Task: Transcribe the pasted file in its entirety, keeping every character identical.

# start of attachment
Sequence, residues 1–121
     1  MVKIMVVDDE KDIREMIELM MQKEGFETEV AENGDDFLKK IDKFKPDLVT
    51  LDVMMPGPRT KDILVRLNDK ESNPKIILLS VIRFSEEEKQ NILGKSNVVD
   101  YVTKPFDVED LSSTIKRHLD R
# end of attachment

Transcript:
Sequence, residues 1–121
     1  MVKIMVVDDE KDIREMIELM MQKEGFETEV AENGDDFLKK IDKFKPDLVT
    51  LDVMMPGPRT KDILVRLNDK ESNPKIILLS VIRFSEEEKQ NILGKSNVVD
   101  YVTKPFDVED LSSTIKRHLD R